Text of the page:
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Conflict Resolution Skills: Examples and Assessment
Conflict resolution skills are not solely the prerogative of managers or sales representatives. Such aptitudes can make a world of difference in productivity, interpersonal relationships, goal achievement, and more in any organization. We have mentioned conflict management skills many times before. They are difficult to assess in the pre-employment evaluation stage, but nothing is impossible for experienced recruiters using the proper tools. Today, we will discuss conflict resolution skills, starting with their definition and offering examples and evaluation methods.
Conflict Resolution Skills Definition
At its core, conflict resolution in the workplace represents an employee’s ability to constructively address, manage, and solve differences of opinion, arguments, disagreements, and complaints. People with good conflict resolution skills find practical solutions to such oppositions and put the conflict to rest.
Looking at the bigger picture, we quickly realize that conflict resolution skills are, in fact, interpersonal skills we are always looking for in the hiring process. Moreover, they go hand in hand with teamwork, communication, emotional intelligence, negotiation aptitudes, and other soft skills and personality traits.
Why Do We Need Individuals with Conflict Resolution Skills in the Workplace?
Some experts say that conflict management and resolution are top priorities when hiring managers or working with the executive branch to offer established employees promotions and higher roles. Nevertheless, it is crucial to identify and grow such skills across all small or large teams within any enterprise.
Conflicts, disagreements, shenanigans, and frustrations arise every day at the workplace, at home, and in social spheres. When we hire talent, we need to look beyond job descriptions and focus on finding people who match the organizational culture to become assets and future leaders.
When it comes to conflicts, they can show up everywhere: between team members, between managers and subordinates, between the company’s representatives and customers, and even between larger groups (interdepartmental conflicts).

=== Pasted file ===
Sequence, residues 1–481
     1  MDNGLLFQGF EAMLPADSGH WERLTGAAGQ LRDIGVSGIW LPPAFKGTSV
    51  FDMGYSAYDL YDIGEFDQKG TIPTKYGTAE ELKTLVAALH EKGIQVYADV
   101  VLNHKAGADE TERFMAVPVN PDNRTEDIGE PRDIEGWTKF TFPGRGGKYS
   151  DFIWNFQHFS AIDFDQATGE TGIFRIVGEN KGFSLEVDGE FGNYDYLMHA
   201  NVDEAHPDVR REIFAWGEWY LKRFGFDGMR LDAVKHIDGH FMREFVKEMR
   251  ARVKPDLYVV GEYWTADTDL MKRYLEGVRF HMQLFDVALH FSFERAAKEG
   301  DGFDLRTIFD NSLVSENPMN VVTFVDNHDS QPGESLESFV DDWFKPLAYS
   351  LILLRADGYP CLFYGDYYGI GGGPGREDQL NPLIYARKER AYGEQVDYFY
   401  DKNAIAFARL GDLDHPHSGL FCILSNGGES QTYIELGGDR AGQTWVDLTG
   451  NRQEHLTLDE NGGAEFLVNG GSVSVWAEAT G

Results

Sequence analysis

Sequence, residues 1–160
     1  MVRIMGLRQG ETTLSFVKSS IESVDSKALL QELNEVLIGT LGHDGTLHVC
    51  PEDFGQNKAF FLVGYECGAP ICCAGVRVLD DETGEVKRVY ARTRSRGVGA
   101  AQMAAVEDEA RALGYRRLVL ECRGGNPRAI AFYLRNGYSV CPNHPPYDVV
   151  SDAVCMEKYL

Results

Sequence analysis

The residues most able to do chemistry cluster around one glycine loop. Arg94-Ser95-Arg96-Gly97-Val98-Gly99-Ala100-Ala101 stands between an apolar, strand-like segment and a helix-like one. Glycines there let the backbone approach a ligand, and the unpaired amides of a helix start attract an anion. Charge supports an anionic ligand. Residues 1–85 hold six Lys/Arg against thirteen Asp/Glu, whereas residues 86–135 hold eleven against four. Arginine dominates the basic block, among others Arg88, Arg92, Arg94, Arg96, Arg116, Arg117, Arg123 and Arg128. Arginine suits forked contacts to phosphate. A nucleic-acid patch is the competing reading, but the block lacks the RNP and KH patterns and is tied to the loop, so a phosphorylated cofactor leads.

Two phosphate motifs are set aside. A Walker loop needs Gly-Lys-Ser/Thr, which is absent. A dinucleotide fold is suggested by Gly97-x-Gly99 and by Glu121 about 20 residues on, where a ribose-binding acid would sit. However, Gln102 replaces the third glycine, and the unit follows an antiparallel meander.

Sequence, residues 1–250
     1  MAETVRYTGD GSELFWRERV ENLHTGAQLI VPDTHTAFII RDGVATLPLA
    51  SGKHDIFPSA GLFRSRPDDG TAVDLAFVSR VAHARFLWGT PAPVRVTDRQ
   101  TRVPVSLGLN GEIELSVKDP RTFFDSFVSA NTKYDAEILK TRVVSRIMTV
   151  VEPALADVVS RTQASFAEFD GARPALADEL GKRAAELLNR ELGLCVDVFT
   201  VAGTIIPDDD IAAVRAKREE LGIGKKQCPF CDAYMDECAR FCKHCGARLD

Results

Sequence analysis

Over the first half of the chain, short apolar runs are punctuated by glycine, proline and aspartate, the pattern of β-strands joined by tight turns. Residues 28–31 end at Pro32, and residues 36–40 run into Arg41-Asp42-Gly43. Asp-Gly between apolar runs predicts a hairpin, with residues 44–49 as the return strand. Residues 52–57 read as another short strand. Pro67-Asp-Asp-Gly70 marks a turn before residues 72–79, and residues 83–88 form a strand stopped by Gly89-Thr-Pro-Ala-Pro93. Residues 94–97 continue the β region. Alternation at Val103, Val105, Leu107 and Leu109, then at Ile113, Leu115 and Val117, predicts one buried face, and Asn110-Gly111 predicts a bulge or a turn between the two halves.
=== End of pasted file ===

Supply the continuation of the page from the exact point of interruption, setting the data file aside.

As we said, conflict resolution skills are difficult to assess a priori, but experienced recruiters don’t have problems with their identification. Most people cannot tell you many things about such skills they might possess, but they can certainly show and demonstrate them given the right context.
Conflict resolution encompasses a constellation of cognitive skills, specific personality & behavioral traits, general and emotional intelligence quotients, and more. Luckily, we have plenty of instruments at our disposal to assess such subtle interpersonal abilities.
5 Conflict Resolution Skills Examples
To make things simpler, let’s see some of the most crucial conflict resolution skills we need to pay attention to during the pre-employment assessment stage. You should know that many other characteristics, traits, attitudes, and aptitudes help people manage conflicts at work and in their personal lives. However, it would help if you focused on those that match your organizational culture the best.
Conflict prevention, management, and resolution skills go hand in hand with communication abilities. We don’t talk about only the skill of transmitting a clear, concise message to make a valid point. Good communication aptitudes also include:
- active listening, with all its processes and techniques;
- reading non-verbal cues,
- relieve stress and frustration by showing empathy towards the other,
- knowing when to speak and when to stay quiet,
- keeping a calm and positive attitude, and more.
How to Test Communication Skills